La Noche (Dir. Edgardo Castro)

Corina J Poore talks to the director of Argentina’s latest film to wow global audiences, a ferociously honest film that explores the drug-fuelled debauchery of Buenos Aires’ underworld sexual, and ye whose power lies in its humanity.

La Noche, despite its overtly sexual content, is not what you might expect. The film is immersed in the underbelly of night life in Buenos Aires and the lives of the marginalized who inhabit this twilight universe, fuelled by every excess of alcohol, sex and drugs. Influenced by challenging directors such as Paolo Pasolini and early Gaspard Noé, we explore this world through the protagonist, Martin (Edgardo Castro, also the Director), as he drifts through the brothels and clubs, sharing sexual encounters with men, women and transvestites. At times he is lost in the hedonistic haze, pushing himself to the very limits of consciousness. The film won the highest accolade with the Special Grand Jury prize in the BAFICI in Buenos Aires, and has been very well received in the 2016 Hamburg Filmfest, and the 60th London Film Festival, where it was screened in the “Dare” category.   

It is ferociously honest, and the power lies in its humanity. Quite early on, Castro realized that for the film to be authentic, he did not want money to be the motivation for the non- professional actors, especially as he was using amateurs, drawn from the very world he was filming, presenting a considerable challenge.

“ I understood that if I wanted to be able to make this film with these non-professional actors whom I did not have the funds to pay, I needed to create emotional links, through love and affection, so I had to work very hard on this, as the nights in those areas were very hostile, sometimes savage, and many in that world do not believe in others, only in money. I needed to forge strong enough links with them, so that they would not suddenly disappear and abandon me halfway through the film, especially as I had no idea how long the production would take…as it happens, with some we shared such tough experiences on screen, they had to give so much of their bodies and souls, that we developed a bond that will always remain with us. It was huge learning experience for me.”

Dealing with being the protagonist as well as the director posed problems. Castro found he had to lead the way, as he felt he could not ask others to do things he would not do himself. It was a challenge as he had never had to be naked in public, let alone in compromising situations and, at first, he found it very hard.

“Initially, I started filming with a friend, Agustín Torres (who is also one of the producers) as the cameraman.  But it was very difficult. For example in the blue scene, with the rent boy, the male escort, we were both terrified.  He is a very old friend, but he doesn’t belong to this universe and he, as none of my other friends, had ever seen me nude with another man, let alone engaging in sexual activities, he was terrified of what he might see and I was scared of what I needed to do,  so I  had to stop it. Later, while filming another production (as an actor), I had the fortune to meet Yarará Rodriguez, the DOP on that film, whom I had heard of through friends. She is a very special and beautiful person, extremely professional in her work, so I told her about my project and said I would like her to take over the camera work and she loved the idea and decided to get involved.  It was then that I realized that only a woman could have filmed this production, there was something about the feminine sensitivity and how she was able to deal with the scenes that made it all possible. Her great talent is to be able to make the camera very present in some takes, and yet in others, to appear to be only a hidden observer.”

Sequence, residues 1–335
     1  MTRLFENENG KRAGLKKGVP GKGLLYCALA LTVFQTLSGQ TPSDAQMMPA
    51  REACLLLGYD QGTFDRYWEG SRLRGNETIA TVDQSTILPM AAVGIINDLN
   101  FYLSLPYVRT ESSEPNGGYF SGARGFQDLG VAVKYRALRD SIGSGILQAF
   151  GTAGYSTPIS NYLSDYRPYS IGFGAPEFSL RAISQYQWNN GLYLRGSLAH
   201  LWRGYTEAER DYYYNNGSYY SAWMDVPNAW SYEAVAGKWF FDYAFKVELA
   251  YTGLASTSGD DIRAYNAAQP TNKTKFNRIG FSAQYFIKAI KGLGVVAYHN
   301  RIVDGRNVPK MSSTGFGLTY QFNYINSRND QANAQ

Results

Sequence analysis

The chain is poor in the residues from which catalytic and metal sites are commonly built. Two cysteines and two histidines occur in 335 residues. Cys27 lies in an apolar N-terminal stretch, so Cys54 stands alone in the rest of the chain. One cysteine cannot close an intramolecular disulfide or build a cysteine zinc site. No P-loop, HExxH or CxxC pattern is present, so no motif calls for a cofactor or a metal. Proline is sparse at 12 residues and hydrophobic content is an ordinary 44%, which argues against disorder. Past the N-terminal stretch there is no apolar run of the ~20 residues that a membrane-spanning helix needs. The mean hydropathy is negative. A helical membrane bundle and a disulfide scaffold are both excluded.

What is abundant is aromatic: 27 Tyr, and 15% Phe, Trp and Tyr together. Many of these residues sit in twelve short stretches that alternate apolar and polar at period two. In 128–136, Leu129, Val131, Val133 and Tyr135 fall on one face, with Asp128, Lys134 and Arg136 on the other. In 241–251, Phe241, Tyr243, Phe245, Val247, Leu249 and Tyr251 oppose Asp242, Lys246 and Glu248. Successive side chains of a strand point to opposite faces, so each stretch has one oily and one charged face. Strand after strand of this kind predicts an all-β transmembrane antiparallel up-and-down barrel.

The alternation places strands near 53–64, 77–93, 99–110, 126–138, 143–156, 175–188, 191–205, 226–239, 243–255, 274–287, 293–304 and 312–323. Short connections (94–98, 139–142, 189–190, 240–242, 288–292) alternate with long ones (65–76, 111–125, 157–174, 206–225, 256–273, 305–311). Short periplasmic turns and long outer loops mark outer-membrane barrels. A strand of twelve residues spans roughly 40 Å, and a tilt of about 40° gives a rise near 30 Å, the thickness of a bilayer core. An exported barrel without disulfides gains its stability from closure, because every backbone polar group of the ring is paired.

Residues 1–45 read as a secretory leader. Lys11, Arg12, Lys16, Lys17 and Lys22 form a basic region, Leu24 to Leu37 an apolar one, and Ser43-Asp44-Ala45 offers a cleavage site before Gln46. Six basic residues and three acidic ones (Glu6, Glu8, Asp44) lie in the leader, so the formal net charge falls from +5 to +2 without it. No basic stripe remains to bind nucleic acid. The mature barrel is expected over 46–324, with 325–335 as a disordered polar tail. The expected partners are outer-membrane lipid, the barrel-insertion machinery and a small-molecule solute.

Castro felt the camera had to be part of the intimacy, to be in almost constant Close- Up, very close to the bodies, feeling what the actors were feeling.

“I remember a scene where there is a show taking place in the Club, with a slightly older transvestite and a stripper, and we were filming in the darkroom of that place, which is very run-down, behind the Central Market (in Buenos Aires) and I told Yarará I wanted her camera to capture the ‘smell ‘of the place. She asked me if I had gone mad! I had no idea how she would do it, but I wanted the viewers to feel the real character of this place when they entered this darkroom, where everything was filthy.”

The use of a female DOP helped bring out the profound tenderness that also emanates from this production. La Noche avoids the dynamics of porn and in the end the images that remain with the spectator are imbued with humanity and ultimately, love. There is no gratuitous use of titillating images; the scenes are natural, honest, and real, adding to a lyrical aspect that is unexpected, considering the level of explicit content.

These were only some of the challenges that Castro had to overcome to be able to complete the film.  The Central Market zone (Mercado del Abasto) where the film is set is very dangerous  to outsiders, with high levels of  drug trafficking and prostitution, so  Castro  felt  personally endangered at times during the research period.  No one, not the actors, the director, or even the cameraperson, would ever be quite the same again after these experiences.  

Castro has signed up with Nathan Fischer for distribution via STRAY DOGS. The film is still doing the festival rounds, but is expected to be released in 2017.

Cast and other info:

Director: Edgardo Castro

Screenplay: Edgardo Castro

Cast: Dolores Guadalupe Olivares, Edgardo Castro, Federico Figari, Paula Ituriza, Willy Prociuk, Luis Leiva

Producer: Florencia de Mugica, Edgardo Castro, Agustín Torre

Camera: Yarará Rodriguez

Montaje : Miguel de Zuviria

Format: dcp

World Sales: Stray Dogs - Contact Nathan Fischer

Production: Bomba Cine - El Pampero Cine

Contact: Florencia de Múgica, Bomba Cine: